Within days of the discovery of this file, two other similar Sakula dropper files were identified that were also disguised as installers for legitimate software, redirected victims to sites meant to spoof the legitimate sites of the target organizations, and were also signed with the DTOPTOOLZ certificate. These incidents targeted a US-based defense company and the Mongolian government.
The use of a fake installers, spoofed domains, and Sakula malware overlaps the tactics, techniques, and procedures of the Ironman campaign with the activity observed during the INOCNATION Campaign. A table highlighting notable similarities between the Ironman and INOCNATION Campaigns follows.
|CODE SIMILARITIES WITH OLDER SAKULA SAMPLES||TTP SIMILARITIES BETWEEN IRONMAN AND INOCNATION CAMPAIGNS||NOTABLE DIFFERENCES BETWEEN OLD AND NEW VARIANTS|
|C2 protocol with integer-based command ID||Malware disguised as an installer for legitimate software||Old variant communicates over plain HTTP; New variant over HTTPS|
|Same dropper used with previous Sakula activities||Malware leverages domain spoofing target entity||C2 message formats differ between old and new variants|
|Both variants likely use same build environment||Malware displays spoofed login page for target entity|
Further research revealed additional Sakula samples signed with the DTOPTOOLZ certificate dating back to April 2014 that appeared to be targeted at a healthcare organization and an IT business serving US government clients. One of these files communicated with the domain we11point[.]com domain which appeared to be a spoof of the website for the healthcare company, WellPoint, which is now known as Anthem. The spoofed domain suggests that the WellPoint healthcare organization was a target in this campaign, and, in fact, in February 2015, Anthem announced a massive data breach which is believed to be the result of a compromise by China-based targeted intrusion actors
The Anthem breach announcement preceded a number of similar notifications from other healthcare entities like Premera and CareFirst, and the U.S. government’s Office of Personnel Management. Security researchers investigating this activity found additional indicators suggesting that the operators carrying out the DTOPTOOLZ Sakula campaign were the same ones responsible for all of these breaches.
It should be noted that a previous blog post discussed possible connections between the Ironman Campaign and CrowdStrike’s DEEP PANDA adversary. Further investigation into this campaign and Sakula activity in general has reduced confidence in this connection and it now appears unlikely that the two are linked.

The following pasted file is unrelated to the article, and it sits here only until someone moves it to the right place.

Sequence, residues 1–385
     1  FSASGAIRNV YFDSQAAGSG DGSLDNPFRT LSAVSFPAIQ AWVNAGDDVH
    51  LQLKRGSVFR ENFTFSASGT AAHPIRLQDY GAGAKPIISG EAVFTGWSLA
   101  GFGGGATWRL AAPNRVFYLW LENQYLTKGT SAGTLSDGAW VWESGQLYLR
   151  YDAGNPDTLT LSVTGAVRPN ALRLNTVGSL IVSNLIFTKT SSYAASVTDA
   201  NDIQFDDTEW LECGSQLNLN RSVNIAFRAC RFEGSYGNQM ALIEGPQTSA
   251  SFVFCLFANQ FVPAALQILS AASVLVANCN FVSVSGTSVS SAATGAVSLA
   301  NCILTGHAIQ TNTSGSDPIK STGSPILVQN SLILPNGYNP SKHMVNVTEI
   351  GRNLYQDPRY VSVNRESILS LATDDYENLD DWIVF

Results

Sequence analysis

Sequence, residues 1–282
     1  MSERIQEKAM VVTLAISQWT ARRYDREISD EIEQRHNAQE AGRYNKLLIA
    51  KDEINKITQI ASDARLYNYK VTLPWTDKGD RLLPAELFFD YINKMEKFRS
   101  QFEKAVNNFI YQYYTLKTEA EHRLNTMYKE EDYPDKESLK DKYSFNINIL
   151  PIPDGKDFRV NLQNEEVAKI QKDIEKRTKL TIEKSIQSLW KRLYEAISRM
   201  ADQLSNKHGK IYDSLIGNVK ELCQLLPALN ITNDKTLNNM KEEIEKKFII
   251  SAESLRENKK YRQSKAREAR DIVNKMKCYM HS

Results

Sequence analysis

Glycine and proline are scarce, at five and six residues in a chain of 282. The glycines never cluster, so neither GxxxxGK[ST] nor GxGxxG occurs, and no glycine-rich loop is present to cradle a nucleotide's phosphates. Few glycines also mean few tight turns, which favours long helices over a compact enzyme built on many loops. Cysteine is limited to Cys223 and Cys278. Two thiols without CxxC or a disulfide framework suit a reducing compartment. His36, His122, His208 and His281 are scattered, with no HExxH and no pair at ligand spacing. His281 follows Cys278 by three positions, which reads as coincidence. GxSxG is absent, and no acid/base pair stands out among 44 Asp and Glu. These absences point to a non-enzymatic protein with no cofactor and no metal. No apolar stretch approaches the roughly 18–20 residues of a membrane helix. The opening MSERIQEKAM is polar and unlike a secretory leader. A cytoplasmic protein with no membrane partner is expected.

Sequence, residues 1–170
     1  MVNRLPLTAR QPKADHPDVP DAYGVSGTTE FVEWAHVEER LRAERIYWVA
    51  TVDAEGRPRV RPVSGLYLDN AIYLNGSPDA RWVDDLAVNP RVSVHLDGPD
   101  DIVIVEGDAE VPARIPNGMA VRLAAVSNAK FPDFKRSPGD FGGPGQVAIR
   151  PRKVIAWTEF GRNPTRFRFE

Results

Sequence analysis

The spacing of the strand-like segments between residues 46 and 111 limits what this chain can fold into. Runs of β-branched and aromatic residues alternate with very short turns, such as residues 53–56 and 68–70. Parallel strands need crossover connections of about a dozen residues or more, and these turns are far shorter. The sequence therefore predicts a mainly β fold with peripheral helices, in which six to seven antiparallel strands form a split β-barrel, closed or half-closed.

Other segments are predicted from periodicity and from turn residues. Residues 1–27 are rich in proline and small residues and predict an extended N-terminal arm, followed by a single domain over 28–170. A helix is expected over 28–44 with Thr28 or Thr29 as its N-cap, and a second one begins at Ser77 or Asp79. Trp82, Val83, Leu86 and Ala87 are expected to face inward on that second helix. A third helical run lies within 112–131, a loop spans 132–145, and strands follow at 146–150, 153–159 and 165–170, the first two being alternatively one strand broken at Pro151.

The French Aerospace Campaign
CrowdStrike’s first public report on Sakula activity came in February 2014, as a result of strategic web compromise (SWC) activity affecting French aerospace-related websites. The SWC leveraged what was, at the time, zero-day exploit code for the CVE-2014-0322 vulnerability. The payload ultimately delivered in these attacks was Sakula connecting to a command and control (C2) domain of oa[.]ameteksen[.]com.
Some of the general Tactics, Techniques, and Procedures (TTPs) of this operation were shared with a 2012 SWC attack using the website of US-based turbine manufacturer Capstone Turbine to host a zero-day exploit. The tactical similarities include the use of SWC sites to infect victims, the use of exploit code for zero-day vulnerabilities, and overlaps in the infrastructure used. Specifically, the known Sakula C2 domain webmail[.]vipreclod[.]com has shared infrastructure with the Capstone Turbine-themed domain capstone[.]homeftp[.]net, suggesting that the same operators conducting the Capstone Turbine activity also used Sakula. This infrastructure has also been leveraged as C2 for PlugX samples. Furthermore, the Capstone Turbine-related infrastructure also includes multiple domains referencing “GIFAS” which is the acronym for the French Aerospace Industries Association (Groupement des industries françaises aéronautiques et spatiales). GIFAS-themed domains were also used in the February 2014 SWC activity.
The Sakula malware demonstrates the difficulty of attribution and the rationale for bookending technical information with analytic judgements. Sakula has relatively restricted deployments when compared to more widespread RATs used by China-based adversaries such as PlugX. Its use is linked to the use of a number of zero-day exploits and high-profile incidents such as those resulting in the healthcare and government data breach notifications earlier this year. While its use is relatively limited, prolonged monitoring of Sakula activity leads the CrowdStrike Intelligence team to assess that it is likely used by a small subset of operators, which, given the access to zero-day exploits and high-profile operations, are likely well-resourced.